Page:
Source: Neil Patel I think one of the coolest things about marketing is being able to turn a loss into a win. You can take a failure and turn it in
I think one of the coolest things about marketing is being able to turn a loss into a win.
You can take a failure and turn it into something that actually benefits you.
Whenever I face a business or marketing challenge, this is exactly what I try to do. Sometimes, it’s a big issue — like a year long lawsuit. Other times, it’s a small issue — like a single redirect.
Yep, even a 301 redirect!
That’s the great thing about 301 redirects. On the surface, a 301 redirect seems boring and technical. But you can actually leverage 301 redirects to get more traffic.
I know it sounds crazy, but it’s totally possible.
In this article, I’ll be talking about what a 301 redirect really does and how you can turn it into a viable source of traffic for your site.
If you want a behind-the-scenes look at some true insider information on increasing traffic, this article is for you.
I should point out that all redirects are somewhat risky in terms of SEO. They won’t help your SEO all of the time, but they won’t kill your rankings either.
So if you want to play it completely safe and refrain from checking out a technique that could possibly give you big returns, you might want to skip this article.
Don’t get me wrong––redirects aren’t black or gray hat techniques. They’re standard practice for webmasters. However, they do carry a little bit of risk in terms of SEO.
What’s important is that you’re aware of the inherent risk that redirects have. That said, I’ll be talking about redirect best practices, but you still might not experience perfect results.
Now that we’ve gotten that out of the way, let’s talk about redirects.
What a 301 Redirect Really Does
You’ve seen 301 redirects in action all over the web, but you may not have realized it.
Here’s what a 301 redirect looks like.
Type https://neilpatel.com into your URL bar.
Hit enter. When the site loads, you’ll see something different in the address bar:
If you typed in the https:// prefix, why did it disappear? That’s because of a simple 301 redirect.
You might be wondering, “Why would I need to use a 301 redirect?” The answer: It depends.
This specific example is one you’ll often see of a URL redirect on blogs. Typically, blogs do this because a URL without the http:// or https:// is easier to see and remember. People don’t have to look past the HTTP or HTTPS prefix––they just see the website name.
It’s also important that you use just one form of URL so you can maintain what Moz calls “domain authority.”
To illustrate this, let’s use NeilPatel.com. Notice that no matter which page of NeilPatel.com you’re on, you’ll always see neilpatel.com at the beginning.
In other words, you’ll never see https://neilpatel.com or www.neilpatel.com
I’ve used the same type of URL for all my pages, which gives me a huge advantage because all my pages are associated with the same URL.
Ultimately, using the same URL type makes it easier for you to remember, and it builds my authority in the process. That’s one great reason to set up 301 redirects.
Some sites prefer this URL consistency just because they think it looks nicer. It might not be worth the trouble if this is your reason, but you should set up the same URL pattern just for the sake of maintaining domain authority.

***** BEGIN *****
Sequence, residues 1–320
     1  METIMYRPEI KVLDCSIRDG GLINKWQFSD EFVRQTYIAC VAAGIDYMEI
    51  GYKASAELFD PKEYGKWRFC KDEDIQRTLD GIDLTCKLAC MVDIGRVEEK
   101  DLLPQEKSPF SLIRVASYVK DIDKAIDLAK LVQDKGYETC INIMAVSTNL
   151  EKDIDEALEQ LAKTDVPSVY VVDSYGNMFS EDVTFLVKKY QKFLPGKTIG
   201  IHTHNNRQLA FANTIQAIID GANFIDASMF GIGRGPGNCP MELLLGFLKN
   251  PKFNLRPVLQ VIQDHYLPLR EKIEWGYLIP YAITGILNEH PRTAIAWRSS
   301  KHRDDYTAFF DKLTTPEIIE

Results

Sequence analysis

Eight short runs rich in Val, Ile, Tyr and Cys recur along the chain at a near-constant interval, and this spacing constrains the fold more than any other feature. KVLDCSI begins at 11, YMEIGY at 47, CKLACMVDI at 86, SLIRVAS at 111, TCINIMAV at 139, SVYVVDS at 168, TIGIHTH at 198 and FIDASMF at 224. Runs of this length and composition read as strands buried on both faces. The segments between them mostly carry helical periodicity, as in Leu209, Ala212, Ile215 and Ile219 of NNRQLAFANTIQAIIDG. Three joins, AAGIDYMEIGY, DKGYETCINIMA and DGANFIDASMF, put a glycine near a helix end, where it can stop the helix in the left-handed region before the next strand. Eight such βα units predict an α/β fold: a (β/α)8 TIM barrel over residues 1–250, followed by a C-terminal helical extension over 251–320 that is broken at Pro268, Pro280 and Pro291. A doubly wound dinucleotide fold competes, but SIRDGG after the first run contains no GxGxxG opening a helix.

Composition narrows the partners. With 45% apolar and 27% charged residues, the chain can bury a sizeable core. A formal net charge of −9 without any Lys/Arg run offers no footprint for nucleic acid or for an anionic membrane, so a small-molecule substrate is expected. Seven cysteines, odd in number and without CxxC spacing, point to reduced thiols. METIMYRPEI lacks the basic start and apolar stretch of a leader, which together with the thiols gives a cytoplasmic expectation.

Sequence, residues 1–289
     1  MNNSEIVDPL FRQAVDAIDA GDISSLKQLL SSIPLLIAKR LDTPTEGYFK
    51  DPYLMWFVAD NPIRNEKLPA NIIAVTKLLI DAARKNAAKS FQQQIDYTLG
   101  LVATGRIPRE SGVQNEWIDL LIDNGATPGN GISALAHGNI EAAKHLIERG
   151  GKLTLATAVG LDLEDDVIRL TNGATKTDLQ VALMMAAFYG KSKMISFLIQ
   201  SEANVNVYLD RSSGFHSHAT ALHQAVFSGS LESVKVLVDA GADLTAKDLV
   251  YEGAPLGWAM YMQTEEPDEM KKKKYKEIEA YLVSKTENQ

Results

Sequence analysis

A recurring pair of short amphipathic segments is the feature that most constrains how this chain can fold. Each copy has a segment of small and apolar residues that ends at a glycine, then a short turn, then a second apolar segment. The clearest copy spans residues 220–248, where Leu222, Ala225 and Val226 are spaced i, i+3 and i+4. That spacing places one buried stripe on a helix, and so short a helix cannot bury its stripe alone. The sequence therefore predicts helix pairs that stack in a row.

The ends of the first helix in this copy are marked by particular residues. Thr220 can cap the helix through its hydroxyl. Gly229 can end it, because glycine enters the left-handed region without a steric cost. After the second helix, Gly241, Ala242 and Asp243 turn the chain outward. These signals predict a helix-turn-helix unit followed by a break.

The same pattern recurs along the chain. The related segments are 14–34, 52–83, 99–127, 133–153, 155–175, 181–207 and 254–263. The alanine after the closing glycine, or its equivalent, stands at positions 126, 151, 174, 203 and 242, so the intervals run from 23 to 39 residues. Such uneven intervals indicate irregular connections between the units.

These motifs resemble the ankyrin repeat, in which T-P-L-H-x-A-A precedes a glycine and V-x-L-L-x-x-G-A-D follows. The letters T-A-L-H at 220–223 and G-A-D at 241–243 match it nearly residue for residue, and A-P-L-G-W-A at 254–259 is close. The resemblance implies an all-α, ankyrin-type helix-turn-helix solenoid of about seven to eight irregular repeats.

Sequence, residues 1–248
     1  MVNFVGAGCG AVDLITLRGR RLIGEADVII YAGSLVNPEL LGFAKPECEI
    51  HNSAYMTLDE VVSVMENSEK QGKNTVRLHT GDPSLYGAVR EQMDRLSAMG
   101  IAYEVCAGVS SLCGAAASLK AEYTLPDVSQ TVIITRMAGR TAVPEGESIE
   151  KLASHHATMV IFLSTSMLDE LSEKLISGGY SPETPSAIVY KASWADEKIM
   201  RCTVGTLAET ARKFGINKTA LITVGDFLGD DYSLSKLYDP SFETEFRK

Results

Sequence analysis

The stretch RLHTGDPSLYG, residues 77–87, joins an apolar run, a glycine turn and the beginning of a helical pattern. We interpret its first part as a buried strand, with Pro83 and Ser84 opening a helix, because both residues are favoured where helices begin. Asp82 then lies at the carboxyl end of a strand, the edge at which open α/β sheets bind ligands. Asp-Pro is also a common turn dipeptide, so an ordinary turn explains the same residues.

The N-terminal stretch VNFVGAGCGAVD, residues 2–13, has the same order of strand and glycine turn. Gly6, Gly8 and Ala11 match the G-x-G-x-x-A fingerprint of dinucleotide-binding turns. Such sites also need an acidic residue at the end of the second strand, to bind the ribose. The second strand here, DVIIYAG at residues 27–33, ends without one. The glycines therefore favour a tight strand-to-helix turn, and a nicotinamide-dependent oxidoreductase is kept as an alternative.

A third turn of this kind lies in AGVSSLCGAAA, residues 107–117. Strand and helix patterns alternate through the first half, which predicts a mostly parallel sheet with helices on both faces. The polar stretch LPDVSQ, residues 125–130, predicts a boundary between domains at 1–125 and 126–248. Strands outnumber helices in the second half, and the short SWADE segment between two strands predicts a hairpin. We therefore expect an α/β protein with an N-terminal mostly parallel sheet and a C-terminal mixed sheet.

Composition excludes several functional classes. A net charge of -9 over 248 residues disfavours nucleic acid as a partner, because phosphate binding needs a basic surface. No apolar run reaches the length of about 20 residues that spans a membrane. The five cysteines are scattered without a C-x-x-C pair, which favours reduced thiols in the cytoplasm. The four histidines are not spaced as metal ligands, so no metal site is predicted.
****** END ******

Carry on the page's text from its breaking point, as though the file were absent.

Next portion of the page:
Let’s try it again with a slightly different kind of 301 redirect. Type in http://nationalgeographic.com. You’ll see that it makes an even more dramatic 301:
It’s transformed the domain to www.nationalgeographic.com. This is another option many sites go for.
It can also work the other way around, and there are different reasons for doing it that way too.
What do I mean? Let me show you.
To see this type of 301 redirect in action, type mint.com into the URL bar.
When it loads, you’ll see the https:// prefix.
This is because Mint wants you to know it’s a secure site since it deals with personal financial information.
You’ll also see this with many banks, government institutions, and most businesses that deal with confidential information of any kind.
If you type in http://bankofamerica.com, you’ll get redirected to the HTTPS site.
Those are two of the most common ways to use 301 redirects. However, these aren’t all of the uses of 301s.
Let’s take a look at some of the more interesting stuff.
Here are some other ways you can use 301 redirects.
Using 301 Redirects for Rebranded Sites
If you rebranded your website, you can use a 301 to direct traffic from your old site to your new one.
Jon Morrow did this with his old blog Boost Blog Traffic. He created a new brand called Smart Blogger, and that’s where you’ll find all of the old content plus the new.
But Jon didn’t want to lose years of existing content, so he migrated the site over to the new URL that reflects the new brand name.
So when you type in boostblogtraffic.com into the search bar…
…it automatically redirects you to the Smart Blogger site.
This was a crucial move for another reason: Jon had spent years building authority under the Boost Blog Traffic brand. He didn’t want to lose all of the backlinks he’d worked so hard for.
Using a system of 301 redirects was the perfect solution. All of that precious SEO juice was preserved, and Jon could use his shiny new branding.
So if you’ve rebooted your brand in any way, you can use 301 redirects to keep your SEO and traffic.
Now, I know what you’re thinking: “What if I haven’t rebranded my site?”
And that’s a completely valid question. You probably haven’t rebranded your website recently.
But there’s another way you can use a 301 redirect to give your site an SEO boost and make it more credible at the same time.
Here’s where a particularly ingenious tactic comes into play, and it’s one of my favorite ways of getting a legitimate improvement in SEO from…